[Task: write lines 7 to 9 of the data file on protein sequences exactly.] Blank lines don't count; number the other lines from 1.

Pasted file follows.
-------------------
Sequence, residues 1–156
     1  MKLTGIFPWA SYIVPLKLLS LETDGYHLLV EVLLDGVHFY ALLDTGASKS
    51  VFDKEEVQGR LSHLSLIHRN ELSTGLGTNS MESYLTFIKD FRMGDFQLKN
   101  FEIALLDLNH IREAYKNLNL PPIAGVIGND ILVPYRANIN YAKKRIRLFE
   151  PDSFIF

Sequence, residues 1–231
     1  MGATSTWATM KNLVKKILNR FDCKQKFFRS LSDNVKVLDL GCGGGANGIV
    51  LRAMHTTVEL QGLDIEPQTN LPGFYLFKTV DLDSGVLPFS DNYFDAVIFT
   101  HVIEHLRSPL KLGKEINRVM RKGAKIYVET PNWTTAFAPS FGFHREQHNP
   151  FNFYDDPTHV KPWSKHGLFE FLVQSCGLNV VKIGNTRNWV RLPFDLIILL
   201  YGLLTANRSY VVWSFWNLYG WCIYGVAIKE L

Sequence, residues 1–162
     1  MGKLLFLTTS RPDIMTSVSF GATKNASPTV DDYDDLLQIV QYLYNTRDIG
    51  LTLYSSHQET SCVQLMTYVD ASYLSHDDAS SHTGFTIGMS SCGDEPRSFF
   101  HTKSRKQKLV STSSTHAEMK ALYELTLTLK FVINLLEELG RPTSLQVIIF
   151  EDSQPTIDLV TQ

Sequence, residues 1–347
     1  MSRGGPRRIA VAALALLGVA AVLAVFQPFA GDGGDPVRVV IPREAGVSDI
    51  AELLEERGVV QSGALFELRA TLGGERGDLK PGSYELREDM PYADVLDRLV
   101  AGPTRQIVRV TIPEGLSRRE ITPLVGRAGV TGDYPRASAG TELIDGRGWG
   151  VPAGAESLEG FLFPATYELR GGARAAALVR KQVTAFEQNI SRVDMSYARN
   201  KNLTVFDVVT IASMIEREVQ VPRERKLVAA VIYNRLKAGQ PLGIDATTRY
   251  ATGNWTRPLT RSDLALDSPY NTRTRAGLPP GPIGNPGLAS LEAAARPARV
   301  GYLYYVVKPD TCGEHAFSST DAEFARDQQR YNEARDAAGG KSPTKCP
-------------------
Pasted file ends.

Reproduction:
     1  MGATSTWATM KNLVKKILNR FDCKQKFFRS LSDNVKVLDL GCGGGANGIV
    51  LRAMHTTVEL QGLDIEPQTN LPGFYLFKTV DLDSGVLPFS DNYFDAVIFT
   101  HVIEHLRSPL KLGKEINRVM RKGAKIYVET PNWTTAFAPS FGFHREQHNP